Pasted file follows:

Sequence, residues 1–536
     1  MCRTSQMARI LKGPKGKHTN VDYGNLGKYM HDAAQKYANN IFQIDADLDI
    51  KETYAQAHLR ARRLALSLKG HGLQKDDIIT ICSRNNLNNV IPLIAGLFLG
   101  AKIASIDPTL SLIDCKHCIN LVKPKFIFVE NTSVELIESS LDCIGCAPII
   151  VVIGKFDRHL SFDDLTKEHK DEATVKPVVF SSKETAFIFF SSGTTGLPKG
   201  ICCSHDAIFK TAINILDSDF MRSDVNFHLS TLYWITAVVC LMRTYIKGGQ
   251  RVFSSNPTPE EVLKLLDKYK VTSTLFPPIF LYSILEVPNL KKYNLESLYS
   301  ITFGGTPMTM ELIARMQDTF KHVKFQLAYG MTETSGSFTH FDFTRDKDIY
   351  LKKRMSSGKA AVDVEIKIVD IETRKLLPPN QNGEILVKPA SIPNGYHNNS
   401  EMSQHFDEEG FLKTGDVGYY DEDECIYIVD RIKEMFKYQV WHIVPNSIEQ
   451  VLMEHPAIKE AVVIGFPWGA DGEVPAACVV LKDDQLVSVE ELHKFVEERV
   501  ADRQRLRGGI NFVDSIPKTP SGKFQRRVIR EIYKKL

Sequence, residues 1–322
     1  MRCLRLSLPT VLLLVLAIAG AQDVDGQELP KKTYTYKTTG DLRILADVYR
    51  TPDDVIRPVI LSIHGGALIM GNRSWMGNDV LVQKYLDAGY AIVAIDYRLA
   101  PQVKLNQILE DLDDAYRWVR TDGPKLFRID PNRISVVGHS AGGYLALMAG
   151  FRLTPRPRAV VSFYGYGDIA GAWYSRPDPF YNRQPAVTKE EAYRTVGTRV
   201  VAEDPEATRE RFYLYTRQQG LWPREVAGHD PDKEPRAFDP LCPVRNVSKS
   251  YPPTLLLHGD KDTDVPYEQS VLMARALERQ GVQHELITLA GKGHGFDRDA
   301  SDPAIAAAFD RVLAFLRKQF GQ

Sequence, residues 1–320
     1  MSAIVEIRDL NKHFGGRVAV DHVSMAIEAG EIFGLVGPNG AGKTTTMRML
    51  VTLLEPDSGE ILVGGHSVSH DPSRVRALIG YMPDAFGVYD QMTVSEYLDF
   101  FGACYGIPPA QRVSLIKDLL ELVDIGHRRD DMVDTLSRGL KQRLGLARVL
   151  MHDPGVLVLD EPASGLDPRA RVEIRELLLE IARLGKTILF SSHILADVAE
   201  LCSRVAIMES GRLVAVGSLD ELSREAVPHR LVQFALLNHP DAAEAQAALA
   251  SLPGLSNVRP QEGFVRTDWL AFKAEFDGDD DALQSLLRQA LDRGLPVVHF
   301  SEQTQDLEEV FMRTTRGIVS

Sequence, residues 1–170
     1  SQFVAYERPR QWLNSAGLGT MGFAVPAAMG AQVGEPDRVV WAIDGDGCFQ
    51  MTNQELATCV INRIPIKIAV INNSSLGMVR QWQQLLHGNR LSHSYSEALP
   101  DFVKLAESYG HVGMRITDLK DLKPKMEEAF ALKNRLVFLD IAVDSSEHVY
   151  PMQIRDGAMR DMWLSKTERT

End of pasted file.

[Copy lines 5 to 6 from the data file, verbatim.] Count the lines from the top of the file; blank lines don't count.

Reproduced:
   151  VVIGKFDRHL SFDDLTKEHK DEATVKPVVF SSKETAFIFF SSGTTGLPKG
   201  ICCSHDAIFK TAINILDSDF MRSDVNFHLS TLYWITAVVC LMRTYIKGGQ